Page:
By D.J. “Duke” Shannahan, Sr., CWS-VI, CI, CSR
Over 20 percent of U.S. regulated community water systems fail to meet requirements. Most of these failures can be traced to a problem of not being able to afford or find well-trained and knowledgeable operators. The Water Quality Association’s (WQA) new certified contractual operator (CCO) certification can provide qualified personnel and the most up-to-date equipment with “hands-on” knowledge of their applications.
Getting the word out
One of my primary goals as the new chairman is to encourage more people to apply and receive this classification. I am proud that my son, D.J. Jr., (vice president and general manager of Sharp Water Delmarva) has recently earned his CCO certification and I plan to be the second here to get it. There are some complications, however, in getting the classification due to some states (including Maryland) which that have policies not complimentary to water treatment service personnel meeting their requirements.
Orville Schaefer, a member of the Small Systems Committee, and WQA are working very closely with the state of Illinois to provide a universally accepted program which, if passed, could be approved by all states (see “Drafted for Certified Operator Training: WQA/State of Illinois Joint Venture Highlights Opportunities for Dealers Nationally,” WC&P, May 1999). More importantly, we’ll need a great deal of help from other WQA members and their contacts within every state to make this happen. If you or someone you know in your state has some influence with regard to local water laws and regulations, please let us know.
Bill Prior, the well-respected former committee chairman and Kinetico co-founder, has done a great deal to open doors and ears to our cause. Because of his efforts—as well as those of WQA technical director Joe Harrison and the NSF-USEPA Environmental Technology Verification Program—many regulatory agencies and communities are now open to “joint venture” with some new and proven technologies to complement existing systems. More work needs to be done to build bridges between these groups, the Association of State Drinking Water Administrators, National Rural Water Association, National Small Flows/Drinking Water Clearinghouses and manufacturers and distributors of related equipment. We all have a stake in a joint effort to help small system operators improve water quality to meet the requirements of the Safe Drinking Water Act and Clean Water Act.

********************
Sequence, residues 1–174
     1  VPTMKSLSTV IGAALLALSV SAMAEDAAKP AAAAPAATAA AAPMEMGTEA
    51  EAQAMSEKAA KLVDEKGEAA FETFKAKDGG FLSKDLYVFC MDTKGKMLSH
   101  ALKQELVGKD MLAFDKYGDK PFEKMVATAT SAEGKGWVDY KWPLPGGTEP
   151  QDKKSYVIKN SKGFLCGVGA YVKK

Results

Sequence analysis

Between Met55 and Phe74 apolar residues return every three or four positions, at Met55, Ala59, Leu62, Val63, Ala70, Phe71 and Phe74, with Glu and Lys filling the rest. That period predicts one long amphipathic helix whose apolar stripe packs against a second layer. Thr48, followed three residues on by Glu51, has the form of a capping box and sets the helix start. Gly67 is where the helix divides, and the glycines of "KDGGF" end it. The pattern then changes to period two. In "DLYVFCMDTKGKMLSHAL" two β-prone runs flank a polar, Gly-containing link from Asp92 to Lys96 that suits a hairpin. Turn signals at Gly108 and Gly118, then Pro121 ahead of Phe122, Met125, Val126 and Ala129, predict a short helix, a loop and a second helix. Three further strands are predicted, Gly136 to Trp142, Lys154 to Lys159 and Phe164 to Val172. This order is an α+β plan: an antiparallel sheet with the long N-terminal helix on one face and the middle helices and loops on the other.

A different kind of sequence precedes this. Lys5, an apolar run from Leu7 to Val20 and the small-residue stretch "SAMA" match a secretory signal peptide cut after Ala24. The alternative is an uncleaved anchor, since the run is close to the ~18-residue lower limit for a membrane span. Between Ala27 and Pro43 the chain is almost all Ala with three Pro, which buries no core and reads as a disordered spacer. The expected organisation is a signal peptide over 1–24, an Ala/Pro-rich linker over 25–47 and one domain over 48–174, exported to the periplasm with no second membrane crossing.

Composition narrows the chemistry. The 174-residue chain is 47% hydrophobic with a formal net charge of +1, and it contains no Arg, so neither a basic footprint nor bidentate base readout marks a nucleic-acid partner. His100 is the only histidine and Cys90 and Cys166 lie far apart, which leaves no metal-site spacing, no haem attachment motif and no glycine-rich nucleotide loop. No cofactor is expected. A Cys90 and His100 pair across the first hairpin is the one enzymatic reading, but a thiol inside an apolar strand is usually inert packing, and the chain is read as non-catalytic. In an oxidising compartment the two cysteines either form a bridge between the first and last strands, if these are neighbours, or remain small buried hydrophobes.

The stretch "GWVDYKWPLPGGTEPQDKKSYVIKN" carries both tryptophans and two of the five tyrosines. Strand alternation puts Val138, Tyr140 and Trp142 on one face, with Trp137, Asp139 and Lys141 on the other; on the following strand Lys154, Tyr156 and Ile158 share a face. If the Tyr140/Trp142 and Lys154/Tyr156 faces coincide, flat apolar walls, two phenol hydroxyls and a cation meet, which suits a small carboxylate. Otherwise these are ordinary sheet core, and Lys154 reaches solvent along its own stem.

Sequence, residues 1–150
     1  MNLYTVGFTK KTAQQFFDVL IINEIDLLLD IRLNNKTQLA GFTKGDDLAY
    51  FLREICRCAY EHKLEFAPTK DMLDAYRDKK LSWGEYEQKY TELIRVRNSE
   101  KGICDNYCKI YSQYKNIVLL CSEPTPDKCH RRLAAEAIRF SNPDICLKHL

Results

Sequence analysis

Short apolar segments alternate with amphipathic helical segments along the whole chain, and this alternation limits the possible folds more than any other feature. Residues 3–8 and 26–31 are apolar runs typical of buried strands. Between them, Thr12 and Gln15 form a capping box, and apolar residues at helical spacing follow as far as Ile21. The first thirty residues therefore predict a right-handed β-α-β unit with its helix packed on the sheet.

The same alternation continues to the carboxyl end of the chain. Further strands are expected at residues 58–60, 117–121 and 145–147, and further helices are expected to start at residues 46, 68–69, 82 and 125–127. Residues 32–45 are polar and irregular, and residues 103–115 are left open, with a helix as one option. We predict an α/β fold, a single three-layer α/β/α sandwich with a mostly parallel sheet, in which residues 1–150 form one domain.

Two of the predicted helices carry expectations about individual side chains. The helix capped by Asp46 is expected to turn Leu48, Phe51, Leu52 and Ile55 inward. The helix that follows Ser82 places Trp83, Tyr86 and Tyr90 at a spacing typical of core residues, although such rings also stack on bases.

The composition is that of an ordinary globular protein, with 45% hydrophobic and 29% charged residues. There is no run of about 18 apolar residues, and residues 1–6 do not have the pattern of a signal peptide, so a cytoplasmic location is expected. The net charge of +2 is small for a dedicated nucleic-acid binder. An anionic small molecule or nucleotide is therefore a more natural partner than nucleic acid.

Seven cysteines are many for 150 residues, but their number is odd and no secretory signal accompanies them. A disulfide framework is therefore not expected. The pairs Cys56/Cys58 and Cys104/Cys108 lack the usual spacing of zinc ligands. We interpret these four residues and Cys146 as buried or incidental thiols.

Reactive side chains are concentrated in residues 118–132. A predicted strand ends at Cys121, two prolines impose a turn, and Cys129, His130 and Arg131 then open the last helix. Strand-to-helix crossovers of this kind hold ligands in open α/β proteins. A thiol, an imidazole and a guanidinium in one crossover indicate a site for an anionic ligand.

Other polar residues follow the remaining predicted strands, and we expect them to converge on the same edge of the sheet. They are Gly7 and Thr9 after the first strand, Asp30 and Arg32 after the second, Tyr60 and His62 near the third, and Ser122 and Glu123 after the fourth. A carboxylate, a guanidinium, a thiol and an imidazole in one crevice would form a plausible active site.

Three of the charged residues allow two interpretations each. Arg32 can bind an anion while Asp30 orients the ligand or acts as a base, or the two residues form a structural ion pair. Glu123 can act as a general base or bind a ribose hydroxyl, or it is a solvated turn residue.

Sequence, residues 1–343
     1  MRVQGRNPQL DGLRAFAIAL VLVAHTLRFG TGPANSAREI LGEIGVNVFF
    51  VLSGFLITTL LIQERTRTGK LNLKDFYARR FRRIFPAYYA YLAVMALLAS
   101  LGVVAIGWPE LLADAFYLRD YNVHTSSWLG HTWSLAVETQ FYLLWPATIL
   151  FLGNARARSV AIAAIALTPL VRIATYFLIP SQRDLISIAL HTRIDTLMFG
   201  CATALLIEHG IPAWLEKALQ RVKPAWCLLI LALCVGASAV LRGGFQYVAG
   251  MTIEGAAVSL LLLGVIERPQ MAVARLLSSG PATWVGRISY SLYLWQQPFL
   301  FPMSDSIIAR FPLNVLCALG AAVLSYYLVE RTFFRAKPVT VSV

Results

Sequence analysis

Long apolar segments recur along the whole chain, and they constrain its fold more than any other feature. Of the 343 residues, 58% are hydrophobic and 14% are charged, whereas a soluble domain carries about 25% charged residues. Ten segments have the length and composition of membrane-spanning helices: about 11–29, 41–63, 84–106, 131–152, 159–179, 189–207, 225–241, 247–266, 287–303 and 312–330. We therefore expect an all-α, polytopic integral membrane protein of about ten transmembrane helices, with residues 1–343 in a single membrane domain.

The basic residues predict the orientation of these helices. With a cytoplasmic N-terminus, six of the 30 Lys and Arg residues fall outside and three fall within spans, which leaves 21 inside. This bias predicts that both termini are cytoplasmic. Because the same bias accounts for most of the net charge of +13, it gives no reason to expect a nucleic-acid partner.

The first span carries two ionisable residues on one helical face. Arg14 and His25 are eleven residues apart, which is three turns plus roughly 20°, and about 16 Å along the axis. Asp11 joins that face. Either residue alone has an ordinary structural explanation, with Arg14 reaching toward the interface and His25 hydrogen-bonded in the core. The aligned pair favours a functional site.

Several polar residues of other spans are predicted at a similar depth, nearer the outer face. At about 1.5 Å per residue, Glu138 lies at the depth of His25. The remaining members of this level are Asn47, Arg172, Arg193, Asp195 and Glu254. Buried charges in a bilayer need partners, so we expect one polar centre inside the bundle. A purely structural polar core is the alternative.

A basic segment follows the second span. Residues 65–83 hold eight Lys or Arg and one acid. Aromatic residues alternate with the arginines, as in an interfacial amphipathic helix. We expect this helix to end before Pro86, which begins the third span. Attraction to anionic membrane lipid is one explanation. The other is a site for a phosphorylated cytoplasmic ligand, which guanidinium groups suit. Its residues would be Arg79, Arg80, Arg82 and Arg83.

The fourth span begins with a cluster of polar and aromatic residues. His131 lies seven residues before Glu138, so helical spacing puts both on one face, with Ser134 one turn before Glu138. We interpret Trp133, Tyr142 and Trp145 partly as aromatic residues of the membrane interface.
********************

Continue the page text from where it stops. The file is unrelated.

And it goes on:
I look forward to building on the mutual respect between the private and public sectors with a “win-win” philosophy. I know we can help each other make water better and safer while providing the “iron-clad” assurance that regulators require.
One idea for small system that seems promising is called “metered water.” The principle, developed from portable exchange (PE) tanks, involves placing a meter at the discharge of the tanks and the customer was charged based on the number of gallons treated rather than a regular 28-day cycle. This is very labor intensive and costly. Noting that resin is smooth, perfectly round and, therefore, very pumpable, experiments used larger tanks (5 and 20 cubic feet) and left them at the customer locations. Now, all that was needed was for truck tankers (similar to propane delivery trucks) to transport resin regularly from customer to the “community-approved” regeneration facility.
In the end, the city or wastewater regulators are happy since they can effectively monitor thousands of gallons of discharge that might otherwise go uncontrolled into our groundwater and waterways. The customer is happy since he doesn’t have to do anything other than pay a tax-deductible charge as an operating expense. Further, the contract can be expanded to cover the additions of chlorine, backwash of carbon filters and other procedures as well as filling out and mailing all necessary regulatory forms. Here’s where you can see the value of a state approved WQA-CCO certification.
Another benefit goes directly to the WQA (or otherwise certified company) who provides this valuable system and service. But the biggest winner of all is John Q. Public who can now rest happily knowing that he or she is using the safest water possible and has access to water enhancing products and services over and above the standard.
There are many other products and technologies that are currently being test marketed within community systems and many show great promise. Another job of WQA’s Small Systems Committee is to review and identify the applications and successes of “what’s new” and “what’s proven.” I am very pleased to receive the support and encouragement of WC&P to help make this possible. Stay tuned.
About the author
Duke Shannahan is chairman of the WQA Small Systems Committee and president of Sharp Water of Salisbury, Md. He holds the WQA designations of Certified Water Specialist, Level 6; Certified Installer and Certified Sales Representative. He can be contacted at (410) 742-3333, (410) 543-2222 (fax) or email: [email protected].
For more information on water treatment for small systems, see the following:
- USEPA, “Small System Compliance Technology List for the Surface Water Treatment Rule,” November 2000: http://www.epa.gov/safewater/regs/swtrlist.html
- USEPA, “Small Systems Information and Guidance,” June 2001: http://www.epa.gov/safewater/smallsys/ssinfo.htm
- NSF/EPA Environmental Technology Verification Program: http://www.nsf.org/etv
- National Small Flows Clearinghouse: http://www.nesc.wvu.edu/nsfc
- National Drinking Water Clearinghouse: http://www.estd.wvu.edu/ndwc/NDWC_homepage.html
- National Rural Water Association: http://www.nrwa.org